With the reports stating that Employees' Provident Fund (EPF) will fetch lower returns in FY 2020-2021, it becomes more than important to know what are the other options available in provident funds (PF).
Apart from EPF, there is Public Provident Fund (PPF) and Voluntary Provident Fund (VPF). In the case of PPF, it has gained some momentum whereas VPF is not as popular as .
EPF v/s PPF v/s VPF
EPF: It is mandatory for salaried people that are working in organizations registered under the Employees’ Provident fund Organization (EPFO) who have more than 20 workers. It is risk-free and eligible for tax deductions. Under the scheme, an employer and employee both put in money, which is then used by the employer when he or she retires.
PPF: This is a government-guaranteed fixed income security scheme. This scheme can be availed by salaried and non-salaried employees. This is mainly a scheme which will be beneficial for individuals who are in an unorganised sector or self-employed. The PPF interest is compounded. That means you not only earn interest in the invested money but also on the interest earned.
VPF: Under the scheme, an employee can voluntarily contribute any portion of his or her salary to the provident fund account. The contribution must be more than the PF ceiling of 12 per cent that has been mandated by the government.
Factors that play a key role in decision making:
Interest Rate: EPF offers a fixed interest rate of 8.5 per cent or less (if you start it this year) whereas VPF will offer the same as EPF. In the case of PPF, at present it is 7.1 per cent as it is linked to 10-year government bond yields. This could change depending on the market, but is less risky.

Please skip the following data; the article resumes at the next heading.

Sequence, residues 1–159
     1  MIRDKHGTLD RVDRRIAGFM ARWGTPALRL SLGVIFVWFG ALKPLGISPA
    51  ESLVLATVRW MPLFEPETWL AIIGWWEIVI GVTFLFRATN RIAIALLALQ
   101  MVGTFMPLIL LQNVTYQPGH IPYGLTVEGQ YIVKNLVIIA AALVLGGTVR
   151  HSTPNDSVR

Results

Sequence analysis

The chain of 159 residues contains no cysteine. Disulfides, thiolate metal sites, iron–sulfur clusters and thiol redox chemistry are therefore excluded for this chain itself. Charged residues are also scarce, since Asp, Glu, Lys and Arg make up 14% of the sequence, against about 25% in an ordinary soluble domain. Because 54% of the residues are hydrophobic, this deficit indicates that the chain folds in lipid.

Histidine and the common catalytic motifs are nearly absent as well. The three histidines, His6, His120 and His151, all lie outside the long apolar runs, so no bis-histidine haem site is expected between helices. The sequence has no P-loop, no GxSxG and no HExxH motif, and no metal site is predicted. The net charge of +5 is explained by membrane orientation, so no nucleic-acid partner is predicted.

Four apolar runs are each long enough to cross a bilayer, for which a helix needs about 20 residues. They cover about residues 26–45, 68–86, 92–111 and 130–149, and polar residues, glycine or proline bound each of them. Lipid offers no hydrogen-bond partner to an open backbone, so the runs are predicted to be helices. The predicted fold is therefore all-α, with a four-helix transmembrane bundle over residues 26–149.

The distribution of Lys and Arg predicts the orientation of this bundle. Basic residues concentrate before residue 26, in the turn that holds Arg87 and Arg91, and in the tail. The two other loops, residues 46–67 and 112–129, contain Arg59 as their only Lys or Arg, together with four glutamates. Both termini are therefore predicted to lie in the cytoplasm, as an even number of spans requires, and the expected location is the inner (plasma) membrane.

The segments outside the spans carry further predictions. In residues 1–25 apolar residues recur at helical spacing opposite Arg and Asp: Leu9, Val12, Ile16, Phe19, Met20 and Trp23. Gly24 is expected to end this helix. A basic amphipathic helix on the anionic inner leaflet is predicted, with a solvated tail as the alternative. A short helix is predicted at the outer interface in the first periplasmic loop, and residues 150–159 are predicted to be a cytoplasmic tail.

Contribution: An employee contributes 12 per cent of his salary towards the EPF and an employer pays another 12 per cent.
PPF contribution can be a minimum of Rs 500 subject to a maximum of Rs 1,50,000 per annum. In the case of PPF, the subscriber should avoid depositing more than Rs 1,50,000 per annum as the additional amount will not fetch any interests or tax benefits.
Investment Period/withdrawal: In the case of EPF/VPF, the sum is payable to the subscriber at the time of retirement or resignation. Also, the partial withdrawal from EPF accounts is allowed for purchase/construction of the house, repayment of the loan, non-receipt of the wage for two months, marriage, medical treatment of family members, etc. COVID-19 was also included in the list to allow withdraws.
From the year of subscription to the next 15 years is the lock-in period. However, partial withdrawal after five years is possible. An account holder of PPF can close the account after five years in the case of life-threatening disease. It also allows partial withdrawal to COVID-19-affected subscribers.
Loan facility: For EPF/VPF, subscriber can apply for a loan and also withdraw their complete investment, but in PPF, subscribers can avail loan but only 50 per cent withdrawal is possible.